ENGL 534: Piers Plowman (F2014)

A study of Piers Plowman, a poem probably authored by William Langland in three versions between the 1360s and about 1390. We read the earliest and latest of these versions. Simultaneously, we make studies of the poem’s form and languages; place in literary history; genetic development; manuscript and early print circulation; discursive modes; and its thought on such topics as law, gender, political economy, theology, education, and the church.

The course schedule:

Week 1 [introductions]

Robert Crowley’s prefatory epistle to the 1550 editio princeps

Week 2 [a crash course]

Piers Plowman A (Vaughan, ed., 2011), entire.

Piers Plowman B (Schmidt, ed.), prologue

G. Kane, “Langland, William (c.1325–c.1390), poet” (2004)

H. Barr, “Major episodes and moments” (in the Cambridge Companion to ‘Piers Plowman‘ [henceforthCC‘], 2014)

[Also useful: Alford, “The Design of the Poem” (1988); Kane, “The Text” (1988); Kerby-Fulton, “Piers Plowman” (1999); Simpson, Piers Plowman: An Introduction (2007); Galloway, Penn Commentary, vol. 1 (2006); Steiner, Reading Piers Plowman (2013) — full references for these items are available in this zotero bibliography]

Week 3 [literary history, poetic form]

Piers Plowman C (Pearsall, ed.) [henceforth PP-C’], prologue and passus 1

Winner and Waster (Turville-Petre, ed., 1989)

R. Hanna, “The versions and revisions” (CC, 2014)

S. Justice, “Literary history” (CC, 2014)

S. Barney, “Langland’s Mighty Line” (2001)

[Also useful: Pearsall, Old and Middle English Poetry (1977); Turville-Petre, Alliterative Revival (1977); Kane, “Music ‘neither unpleasant nor monotonous’” (1981); Turville-Petre, “The Prologue of Wynnere and Wastoure” (1987); Lawton, “Alliterative Style” (1988); Cable, The English Alliterative Tradition (1991); Turville-Petre, “Wynnere and Wastoure: When and Where?” (1994); Hanna, “Defining Middle English Alliterative Poetry” (1995); Hanna, “Alliterative Poetry” (1999); Chism, Alliterative Revivals (2002); Putter, Jefferson, and Stokes, Studies in the Metre of Alliterative Verse (2007); Putter and Jefferson, ed., Approaches to the Metres (2009); Cable, “Progress in Middle English Alliterative Metrics” (2009); Weiskott, “Phantom Syllables” (2013)]

Week 4 [legal fictions / histories of gender]

PP-C, passus 2-4 (“Meed the Maid”)

J. Simpson, Piers Plowman: An Introduction, Ch. 2 (2007)

J. Alford, Piers Plowman: A Glossary of Legal Diction, “Introduction” (1988)

E. Fowler, “Civil Death and the Maiden” (1995)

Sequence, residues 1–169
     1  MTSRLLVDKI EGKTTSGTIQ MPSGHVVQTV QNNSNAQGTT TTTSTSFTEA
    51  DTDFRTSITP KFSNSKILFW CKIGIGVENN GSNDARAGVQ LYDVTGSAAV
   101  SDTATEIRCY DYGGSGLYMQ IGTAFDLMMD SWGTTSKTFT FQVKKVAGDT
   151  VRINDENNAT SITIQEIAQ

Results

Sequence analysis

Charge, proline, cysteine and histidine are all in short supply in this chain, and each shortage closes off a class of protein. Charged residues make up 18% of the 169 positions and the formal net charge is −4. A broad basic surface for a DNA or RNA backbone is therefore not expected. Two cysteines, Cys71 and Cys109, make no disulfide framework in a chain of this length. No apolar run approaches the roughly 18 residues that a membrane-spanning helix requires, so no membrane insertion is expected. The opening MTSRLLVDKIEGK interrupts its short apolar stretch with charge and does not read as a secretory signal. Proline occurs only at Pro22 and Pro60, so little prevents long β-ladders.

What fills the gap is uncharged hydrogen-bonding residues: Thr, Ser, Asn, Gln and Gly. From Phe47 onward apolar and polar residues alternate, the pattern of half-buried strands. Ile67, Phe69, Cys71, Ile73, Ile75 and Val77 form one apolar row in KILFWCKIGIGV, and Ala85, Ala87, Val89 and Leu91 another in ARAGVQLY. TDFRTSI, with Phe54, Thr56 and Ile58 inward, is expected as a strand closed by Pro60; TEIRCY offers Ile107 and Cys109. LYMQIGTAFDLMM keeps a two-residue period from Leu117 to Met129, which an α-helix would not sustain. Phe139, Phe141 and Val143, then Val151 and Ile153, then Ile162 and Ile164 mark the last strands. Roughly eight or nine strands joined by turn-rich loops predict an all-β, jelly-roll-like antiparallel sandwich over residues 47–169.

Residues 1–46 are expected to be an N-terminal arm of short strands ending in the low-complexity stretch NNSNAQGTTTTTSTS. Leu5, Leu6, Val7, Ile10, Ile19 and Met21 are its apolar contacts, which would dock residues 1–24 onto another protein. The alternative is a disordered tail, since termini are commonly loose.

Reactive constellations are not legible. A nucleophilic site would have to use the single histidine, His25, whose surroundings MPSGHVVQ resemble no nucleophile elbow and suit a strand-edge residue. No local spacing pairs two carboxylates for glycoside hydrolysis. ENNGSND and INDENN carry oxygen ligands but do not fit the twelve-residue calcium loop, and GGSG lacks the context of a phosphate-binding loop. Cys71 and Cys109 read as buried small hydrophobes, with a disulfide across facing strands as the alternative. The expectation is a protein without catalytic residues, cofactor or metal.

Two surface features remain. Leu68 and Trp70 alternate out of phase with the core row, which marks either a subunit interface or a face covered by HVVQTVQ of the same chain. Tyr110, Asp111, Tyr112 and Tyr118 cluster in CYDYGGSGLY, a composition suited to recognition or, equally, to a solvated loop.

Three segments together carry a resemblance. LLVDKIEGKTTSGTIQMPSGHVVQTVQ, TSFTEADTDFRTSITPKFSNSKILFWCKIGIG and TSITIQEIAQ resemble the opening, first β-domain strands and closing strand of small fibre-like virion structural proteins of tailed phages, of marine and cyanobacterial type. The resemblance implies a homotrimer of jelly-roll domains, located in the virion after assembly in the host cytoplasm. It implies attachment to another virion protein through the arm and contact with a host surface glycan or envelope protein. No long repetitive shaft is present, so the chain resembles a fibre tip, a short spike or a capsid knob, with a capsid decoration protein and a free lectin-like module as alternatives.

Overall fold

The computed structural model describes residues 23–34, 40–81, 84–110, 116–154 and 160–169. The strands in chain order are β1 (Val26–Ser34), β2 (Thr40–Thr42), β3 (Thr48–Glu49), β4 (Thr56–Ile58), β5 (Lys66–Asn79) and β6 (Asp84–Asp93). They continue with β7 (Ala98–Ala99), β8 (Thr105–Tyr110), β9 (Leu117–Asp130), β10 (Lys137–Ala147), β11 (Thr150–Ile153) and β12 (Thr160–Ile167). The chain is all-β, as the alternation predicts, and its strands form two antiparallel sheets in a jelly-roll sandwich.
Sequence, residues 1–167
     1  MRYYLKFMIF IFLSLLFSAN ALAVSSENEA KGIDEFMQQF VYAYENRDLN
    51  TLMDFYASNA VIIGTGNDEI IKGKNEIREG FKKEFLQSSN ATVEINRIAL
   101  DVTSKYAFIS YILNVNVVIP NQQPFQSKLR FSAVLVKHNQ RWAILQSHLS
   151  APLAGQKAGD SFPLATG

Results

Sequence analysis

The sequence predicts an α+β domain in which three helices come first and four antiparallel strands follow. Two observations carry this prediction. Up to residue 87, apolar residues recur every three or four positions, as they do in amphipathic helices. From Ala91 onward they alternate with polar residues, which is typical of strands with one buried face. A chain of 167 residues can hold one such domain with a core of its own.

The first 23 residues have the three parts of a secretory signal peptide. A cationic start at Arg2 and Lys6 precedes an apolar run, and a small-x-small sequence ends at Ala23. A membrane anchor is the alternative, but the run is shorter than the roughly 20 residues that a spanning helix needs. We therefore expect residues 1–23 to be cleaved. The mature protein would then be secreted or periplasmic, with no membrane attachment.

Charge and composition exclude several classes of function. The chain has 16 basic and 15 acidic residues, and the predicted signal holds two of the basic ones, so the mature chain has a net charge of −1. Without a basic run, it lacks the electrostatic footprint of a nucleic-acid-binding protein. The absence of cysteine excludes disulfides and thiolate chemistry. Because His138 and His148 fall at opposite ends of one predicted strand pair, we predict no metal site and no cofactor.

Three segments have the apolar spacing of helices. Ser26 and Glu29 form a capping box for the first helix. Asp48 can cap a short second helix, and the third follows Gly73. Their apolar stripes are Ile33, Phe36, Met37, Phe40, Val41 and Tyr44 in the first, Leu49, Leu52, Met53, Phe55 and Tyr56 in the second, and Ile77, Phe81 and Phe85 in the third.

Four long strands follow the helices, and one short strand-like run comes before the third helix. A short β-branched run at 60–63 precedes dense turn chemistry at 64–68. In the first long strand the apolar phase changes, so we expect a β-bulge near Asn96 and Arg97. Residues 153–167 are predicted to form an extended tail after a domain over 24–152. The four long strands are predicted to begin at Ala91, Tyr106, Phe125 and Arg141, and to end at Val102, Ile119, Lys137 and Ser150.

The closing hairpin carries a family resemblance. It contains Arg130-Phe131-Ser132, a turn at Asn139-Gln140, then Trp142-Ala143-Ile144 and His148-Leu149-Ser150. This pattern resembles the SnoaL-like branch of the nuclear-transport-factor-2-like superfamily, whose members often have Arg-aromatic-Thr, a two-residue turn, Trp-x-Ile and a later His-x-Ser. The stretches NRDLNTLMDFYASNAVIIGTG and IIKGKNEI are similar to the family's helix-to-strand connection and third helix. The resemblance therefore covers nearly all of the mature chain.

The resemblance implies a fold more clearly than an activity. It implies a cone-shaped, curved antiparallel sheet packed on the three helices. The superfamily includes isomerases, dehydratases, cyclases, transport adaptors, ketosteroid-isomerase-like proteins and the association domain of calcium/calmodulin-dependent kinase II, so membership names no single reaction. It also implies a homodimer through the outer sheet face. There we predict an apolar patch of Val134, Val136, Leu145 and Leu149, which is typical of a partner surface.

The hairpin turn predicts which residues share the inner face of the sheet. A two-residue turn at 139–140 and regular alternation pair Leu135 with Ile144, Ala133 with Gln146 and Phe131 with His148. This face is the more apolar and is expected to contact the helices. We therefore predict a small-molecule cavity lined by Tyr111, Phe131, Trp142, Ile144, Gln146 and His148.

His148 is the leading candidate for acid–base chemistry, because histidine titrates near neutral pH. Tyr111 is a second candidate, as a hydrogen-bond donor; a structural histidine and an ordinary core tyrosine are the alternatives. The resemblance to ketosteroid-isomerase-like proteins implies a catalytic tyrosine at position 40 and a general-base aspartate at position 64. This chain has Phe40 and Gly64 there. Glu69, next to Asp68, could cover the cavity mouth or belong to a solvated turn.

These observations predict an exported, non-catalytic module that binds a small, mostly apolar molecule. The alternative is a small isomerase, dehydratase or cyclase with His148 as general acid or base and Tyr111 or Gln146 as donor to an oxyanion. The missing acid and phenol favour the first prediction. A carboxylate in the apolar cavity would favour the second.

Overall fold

[Also useful: Baldwin, Theme of Government (1981); Baldwin, “The Historical Context” (1988); Cooper, “Gender and Personification” (1991); Tavormina, Kindly Similitude (1995); Galloway, Penn Commentary, vol. 1 (2006)]

Week 5 [manuscripts and circulation]

[We meet in Beinecke library RM 39 and examine MSS Osborn fa45 and Takamiya 23, sixteenth-century prints, and a selection of other books: Osborn a13, Osborn a55, and Beinecke 1086.]

S. Horobin, “Manuscripts and readers” (CC, 2014)

A. Middleton, “The Audience and Public” (1982)

A. Hudson, “The Legacy” (1988)

R. Hanna, “Studies in the Manuscripts” (1993) [pp. 1-14 only, on Osborn fa45]

[Also useful: Doyle, “Remarks on Surviving Manuscripts” (1986); Kane, “The Text” (1988); Samuels, “Dialect and Grammar” (1988); Hanna, William Langland (1993); Hanna, Pursuing History (1996); Kerby-Fulton and Justice, “Langlandian Reading Circles” (1997); Benson and Blanchfield, The manuscripts of Piers Plowman: the B-version (1997); The Piers Plowman Electronic Archive (2000- ); Kerby-Fulton, “Women Readers” (2003); Galloway, “Reading Piers Plowman” (2004); Horobin, “‘In London and in Opeland’” (2005); Hailey, “Robert Crowley” (2008); Hanna, Introducing English medieval book history (2013)]

Week 6 [the reflexive turn: literature and self-writing]

PP-C passus 5 (“Apologia and the Sermon of Reason”)

PP-B passus 12 [lines 1-34 only]

A. Middleton, “Acts of Vagrancy” (1997)

R. Adams, “The Rokeles” (CC, 2014)

N. Zeeman, “Piers Plowman in Theory” (CC, 2014)

[Also useful: Kane, Evidence for Authorship (1965); Middleton “William Langland’s Kynde Name” (1990); Clopper, “Need Men and Women Labor?” (1992); Justice and Kerby-Fulton, eds., Written Work (1997); Simpson, “Power of Impropriety” (2001); Adams, Langland and the Rokele family (2013)]

Week 7 [subject, discourse, genre, mode]